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6

You can't really burn "tummy fat." Your body has an order that it will store fat in and it will lose fat in the reverse order. You can lose bodyfat, but it goes away in the reverse order that you put it on. You can make it appear that you've proportionally lost more weight in your tummy by building up the muscles there.


5

When you say "to burn tummy fat", presumable you're talking about weight loss and general toning? What worked for me was a short, 10-minute / 2-point-something km commute, twice a day, five days a week, over two or three years. Because the ride was so short I was able to give pretty much 100% for the whole ride, with natural stops at red lights. I went ...


4

A good folding bike should ride just as well and last just long as a traditional bike. BikeFriday has a reputation for bikes that feel "normal." As far as maintenance goes there is very little difference. From my experience the only thing that needs more frequent maintenance are the cable housings. This is because cables usually have to make more complex ...


2

A folding bike just does ride as well and is not as efficient. Small frame and small wheels. You are going to pay more for a folding bike. Brand does matter - some of the high end ride nicely and some low end ride badly.


2

There is not really difference in maintenance. You have the same brakes, gears (rear), shocks, wheels, bearings. The only addition is the bolts where you fold the bike. About the commute - folding bikes have smaller wheels, which ends up in: Decreased speed (for people like me who loves high speed it's significant). At some point you can see yourself ...


2

After trying to live with a folding bike, here are my observations. Most, (all) foldy bikes have a feel different from a regular road or MTB. so the feeling is never going to be the same. There might be some flex from the handlebars, they could be slow or feel as though they are going to fall over.... So I think to a large extent it would be best to put ...


2

I would suggest first deciding what kind of bike you'd like. Road vs. Mountain vs. Hybrid. Road - more aggressive positioning (lean more forward) for aerodynamic benefits. Thinner tires. Mountain - more upright, sturdy/heavy. Wider tires for offroad Hybrid/Cross - something in between. Usually road type bike with clearance for slightly wider tires. In ...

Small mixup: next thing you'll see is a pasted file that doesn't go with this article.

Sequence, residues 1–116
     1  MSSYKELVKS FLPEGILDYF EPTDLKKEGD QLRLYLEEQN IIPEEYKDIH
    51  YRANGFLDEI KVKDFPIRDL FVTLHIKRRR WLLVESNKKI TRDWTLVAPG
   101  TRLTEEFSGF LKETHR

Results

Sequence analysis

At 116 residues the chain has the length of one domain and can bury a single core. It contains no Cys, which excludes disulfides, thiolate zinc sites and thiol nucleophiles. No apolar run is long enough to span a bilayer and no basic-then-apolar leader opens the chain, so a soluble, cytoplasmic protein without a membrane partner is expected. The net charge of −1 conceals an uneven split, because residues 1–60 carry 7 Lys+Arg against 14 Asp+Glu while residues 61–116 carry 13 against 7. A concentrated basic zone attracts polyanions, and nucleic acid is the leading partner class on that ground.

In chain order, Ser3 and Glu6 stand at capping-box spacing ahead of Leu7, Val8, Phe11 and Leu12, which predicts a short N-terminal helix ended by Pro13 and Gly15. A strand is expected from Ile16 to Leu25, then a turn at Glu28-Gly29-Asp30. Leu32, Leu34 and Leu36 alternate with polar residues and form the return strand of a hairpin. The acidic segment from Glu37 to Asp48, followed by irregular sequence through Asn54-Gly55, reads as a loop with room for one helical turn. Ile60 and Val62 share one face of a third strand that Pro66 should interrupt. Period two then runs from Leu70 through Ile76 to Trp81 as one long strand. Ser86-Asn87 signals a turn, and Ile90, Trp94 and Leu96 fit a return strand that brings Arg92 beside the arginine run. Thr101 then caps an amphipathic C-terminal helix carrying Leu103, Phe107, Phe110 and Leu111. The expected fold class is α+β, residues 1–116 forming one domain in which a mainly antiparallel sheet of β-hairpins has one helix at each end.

2

These first two are really more basic skills, but: Give cars enough space that an opening door won't take you down. I had one pull me to the ground once, fortunately, it only got the edge of my hand grip, and at low speed, but it turned my handlebars and took me straight down. I was thankful not to be injured. I've heard tales of much worse. Be ready to ...


2

Your current weight is at the high end of the limits Trek puts on their bikes. Here's the relevant section from the Trek FAQ: Rider weight limit of 300lbs: Hybrid bicycles with 700c wheels, tires larger than 28c, and flat handlebars City bicycles: hybrids with special equipment, cyclocross bicycles: with drop type handlebars, knobby 700c tires, and ...


1

This has gone a few hours with no answer so will give it a try. Consider spend too much. There is the purchase cost and cost of maintenance. Low end bikes commonly refereed to as BSO (bicycle shaped objects) don't last long and are expensive to service. With a BSO you get custom (as in bad can't replace) components. Many bike shops will not even work ...


1

I'll second Eric's answer, but with a little more detail. There is no way to exercise that will produce "spot removal" of fat. The only way to do that is via liposuction. Each person's body will deposit fat differently. For instance, my body starts with deposits on my lower back, then on my belly, and then my upper arms and face. Other people start on their ...


1

Folding bikes are great. Many higher-end folding bikes have derailleurs or geared hubs, which means that they can be just as fast as a regular bicycle. The only things that you lose are: Stability because of the smaller wheels. This can be a positive as a city bicycle as they are more nimble (i.e., less stable) at slower speeds. Harder ride. Because the ...


1

Whenever I hold up a car for more than a couple of seconds, I make a point of giving them a big thumbs up or wave of thanks, just to let them know I'm not being selfish or oblivious to them. I'll also look out for a safer place for them to overtake and swing back into secondary position as soon as I safely can. Granted this only helps once the irritated ...



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